cPowerCord();                // PowerCord construction
         cSwitch(cGlobe,cPowerCord);  // Switch construction
     }
 };

 Alternative B:
 class <identifier> [: <inherited-class>]
                    [# <aggregated-class> <local-identifier>
                    [, <aggregated-class> <local-identifier>]*]

 For example;

 class Lamp : Light
            # Body      cBody
            , Switch    cSwitch
            , Globe     cGlobe
            , PowerCord cPowerCord
 {
     this() {
         super();
         cBody();                     // Body construction
         cGlobe();                    // Globe construction
         cPowerCord();                // PowerCord construction
         cSwitch(cGlobe,cPowerCord);  // Switch construction
     }
 };

 Semantics
 The rules for Mixin variables should be the same as class member


 except
 Mixins allow the interfaces of the aggregated class to be included as part of


 mixing class.
 This fact means that it is possible to have multiple versions of the same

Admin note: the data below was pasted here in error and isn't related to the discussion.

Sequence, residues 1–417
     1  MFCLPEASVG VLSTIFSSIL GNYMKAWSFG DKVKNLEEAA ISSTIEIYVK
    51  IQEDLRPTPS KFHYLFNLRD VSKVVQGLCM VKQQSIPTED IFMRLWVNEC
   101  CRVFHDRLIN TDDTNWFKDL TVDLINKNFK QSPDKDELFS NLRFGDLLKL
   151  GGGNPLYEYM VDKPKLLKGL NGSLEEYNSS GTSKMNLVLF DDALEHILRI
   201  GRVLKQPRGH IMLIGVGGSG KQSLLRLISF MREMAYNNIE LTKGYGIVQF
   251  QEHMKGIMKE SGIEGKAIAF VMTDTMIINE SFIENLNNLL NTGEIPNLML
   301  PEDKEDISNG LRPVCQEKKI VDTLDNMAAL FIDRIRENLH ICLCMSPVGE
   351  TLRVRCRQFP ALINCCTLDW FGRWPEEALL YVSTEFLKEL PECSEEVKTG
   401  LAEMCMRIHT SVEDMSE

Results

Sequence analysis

name
 within a mixing class.

 I propose a simple precedence rule, where the member defined in the class
 overrides those
 defined in the aggregated class, and those in the aggregated classes are


 according
 to the order they are declared. If this was to take place, a compiler warning
 message stating
 "that member X of aggregated class A is taking precedence over that in


 class B"
 should be displayed in the error log.

 Note: there are probably other things that will need to be considered here !

 Conclusion
 Mixins permit externally declare classes to be used as part of a class, and